Machines have been in use for centuries to help man to do his work. All these machines needed some form of energy. The nature itself provides different sources of energy which man has already put to different uses.
For example, the kinetic energy from running water is tapped to grind corn and to produce electricity by turning the water wheels of a generator in a hydro power station. Large and small dams all over the world harness the power of running water to produce electricity.
Another natural source of energy is wind. The force of wind is utilized to work water pumps and to produce electricity. Energy from the sun has been traditionally used to do a number of jobs like growing food and drying clothes.
Our modern technology has made it possible to produce electricity from sunlight. Water, wind and sunlight are renewable sources of energy and they are free gifts of nature.
The law of energy states that energy can be converted from one form to another but it cannot be created. According to this law, whatever energy we use to do any work comes from another source.
When we analyze deeper, we find that the sun is the only source of all forms of energy. The fossil fuels which we burn to power automobiles got their energy from the sun. When gasoline in used in an automobile, only a tiny portion of energy stored in the fuel is used to power the vehicle and the rest of the energy in the fuel is wasted in the form of heat, gases and soot.
This fact can be proved if we compare the mass of waste materials present in automobile exhaust and the mass of fuel input. Heat, which is a bye product of burning fuel in an automobile, is put to different uses. In winter, heat from the engine is used to warm the inside of the vehicle and to make the passengers feel comfortable.
There are devices which can tap the heat energy from the vehicle engine to cook food. A turbocharger, which increases the efficiency of a vehicle, is powered by the wasted heat and gases from the vehicles exhaust.
A turbocharger works with the energy wasted by an automobile whereas a supercharger takes a considerable amount of power from the vehicle’s engine. If a turbocharger can be charged with the help of the exhaust fume and heat released by a vehicle’s engine, it sounds absolutely possible to work a generator from the same fumes and heat to produce electricity.
The electricity thus produced can be stored in deep cycle batteries as DC. The exhaust fume will be powerful enough to turn the shaft of the generator. In the olden days, the engine had to work more to supply power to the generator shaft to turn to produce electricity for the headlights on. Using headlights meant more work for the engine and a corresponding increase in fuel consumed.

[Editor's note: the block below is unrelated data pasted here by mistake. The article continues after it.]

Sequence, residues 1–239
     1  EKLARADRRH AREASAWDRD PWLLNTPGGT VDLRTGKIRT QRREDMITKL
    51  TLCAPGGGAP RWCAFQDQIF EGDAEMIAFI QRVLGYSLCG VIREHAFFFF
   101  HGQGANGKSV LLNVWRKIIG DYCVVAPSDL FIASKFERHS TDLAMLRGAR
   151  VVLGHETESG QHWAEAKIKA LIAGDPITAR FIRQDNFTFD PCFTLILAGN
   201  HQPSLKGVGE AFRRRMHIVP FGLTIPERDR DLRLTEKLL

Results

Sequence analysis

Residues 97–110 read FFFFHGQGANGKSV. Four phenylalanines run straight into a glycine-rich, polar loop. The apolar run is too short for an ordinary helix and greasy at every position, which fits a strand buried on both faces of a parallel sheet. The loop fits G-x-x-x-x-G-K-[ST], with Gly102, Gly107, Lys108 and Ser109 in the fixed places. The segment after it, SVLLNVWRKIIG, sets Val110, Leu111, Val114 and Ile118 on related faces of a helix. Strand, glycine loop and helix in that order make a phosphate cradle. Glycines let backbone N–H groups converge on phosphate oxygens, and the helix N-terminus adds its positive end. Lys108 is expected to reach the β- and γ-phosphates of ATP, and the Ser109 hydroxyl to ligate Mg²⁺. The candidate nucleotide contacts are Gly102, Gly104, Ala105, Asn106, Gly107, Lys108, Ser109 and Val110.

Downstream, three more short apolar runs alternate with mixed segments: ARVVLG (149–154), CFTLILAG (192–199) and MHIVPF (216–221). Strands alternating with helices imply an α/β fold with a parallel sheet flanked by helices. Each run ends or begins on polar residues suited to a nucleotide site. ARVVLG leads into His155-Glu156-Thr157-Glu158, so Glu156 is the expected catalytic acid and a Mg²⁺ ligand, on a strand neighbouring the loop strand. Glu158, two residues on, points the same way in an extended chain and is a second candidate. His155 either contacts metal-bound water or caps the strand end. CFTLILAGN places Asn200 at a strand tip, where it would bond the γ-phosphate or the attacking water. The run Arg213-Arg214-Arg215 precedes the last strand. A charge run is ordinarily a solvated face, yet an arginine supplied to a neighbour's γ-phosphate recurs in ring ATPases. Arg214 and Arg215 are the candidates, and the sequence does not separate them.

A study conducted by someone revealed that a country could save substantial amount of fuel if no vehicles were permitted to run at night using headlights. Electricity can only be produced at a cost and if cheap alternatives sources are not discovered, the cost of producing electricity can be much higher than the return from electricity.
The Early Electric Car From Detroit Electric
Check out the cool video below. It’s one of Detroit Electric early Pure Electric Car. It was made back in the year 1916!
Turn up the volume on the speakers and listen closely to the sound it made when it was taken out for a spin.
Did you know, back in the early days, the target market for Detroit Electric was women drivers? Apparently, women had a tough time manually “crank starting” a car with an internal combustion engine. The pure electric car was a better alternative for them.
What’s Missing in the Detroit Electric JV with Proton Holdings of Malaysia
It it really interesting to see the latest development between Detroit Electric JV with Proton. I am proud to see our local car company is taking the initial step to pursue the concept of electric car for the masses.
The current trend is in [tag-tec]hybrid electric cars[/tag-tec]. Most other car manufacturers such as Toyota, Honda, Nissan etc are developing and pushing hard on hybrid technology.
I am sure they have a pure electric car (PEC) model in the R&D ready for the next launching phase. That is a wise move because the world has been addicted to fossil fuel for far too long. It will be a matter of time before we shift to a cleaner form of energy for our vehicles.
Are we ready for pure electric cars on the road? The answer is, No! There is one key component still missing in the equation. It is the recharging infrastructure.
Driving a PEC is very different from driving a car driven by an [tag-tec]internal combustion engine[/tag-tec] (ICE). If you run out of gasoline, a gas station is just around the corner for you to fuel up.
If your PEC runs out of electric power in the batteries, you will not be able to find a power outlet to recharge. No doubt modern electric car can recharge in a few hours, but will you be able to find a shop that will allow you to use their electric power?
How would you pay for the power that you consumed?
Therefore, the missing component in the Detroit Electric JV with Proton is the network of charging stations. They can mass produce all the PEC, but without a readily available power outlets to recharge the battery unit, the vehicle is simply not practical.
I have a feeling company such as Better Place will be entering into the picture in the near future.
Better Place already has plan to setup thousands of electric charging station in Australia and many other countries. Their JV with Nissan makes more economic sense.